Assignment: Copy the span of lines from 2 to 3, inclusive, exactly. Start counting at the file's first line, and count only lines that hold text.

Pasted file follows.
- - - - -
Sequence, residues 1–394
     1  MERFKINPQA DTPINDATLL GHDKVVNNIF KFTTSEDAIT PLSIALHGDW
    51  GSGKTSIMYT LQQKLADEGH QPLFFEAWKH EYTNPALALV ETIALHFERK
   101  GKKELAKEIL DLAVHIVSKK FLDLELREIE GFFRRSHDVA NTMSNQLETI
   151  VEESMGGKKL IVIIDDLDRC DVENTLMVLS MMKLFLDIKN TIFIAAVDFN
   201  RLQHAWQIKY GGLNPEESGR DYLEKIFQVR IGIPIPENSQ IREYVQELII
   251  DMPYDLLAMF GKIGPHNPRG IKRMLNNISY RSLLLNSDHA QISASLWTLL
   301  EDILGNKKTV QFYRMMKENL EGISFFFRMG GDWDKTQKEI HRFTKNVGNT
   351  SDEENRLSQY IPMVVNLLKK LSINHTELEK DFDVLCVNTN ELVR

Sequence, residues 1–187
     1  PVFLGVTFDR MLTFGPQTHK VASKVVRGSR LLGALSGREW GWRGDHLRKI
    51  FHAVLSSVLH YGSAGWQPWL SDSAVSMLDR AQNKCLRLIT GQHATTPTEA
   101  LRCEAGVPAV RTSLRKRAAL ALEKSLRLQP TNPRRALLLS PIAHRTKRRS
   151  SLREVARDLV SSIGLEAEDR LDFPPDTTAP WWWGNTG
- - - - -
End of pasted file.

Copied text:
     1  MERFKINPQA DTPINDATLL GHDKVVNNIF KFTTSEDAIT PLSIALHGDW
    51  GSGKTSIMYT LQQKLADEGH QPLFFEAWKH EYTNPALALV ETIALHFERK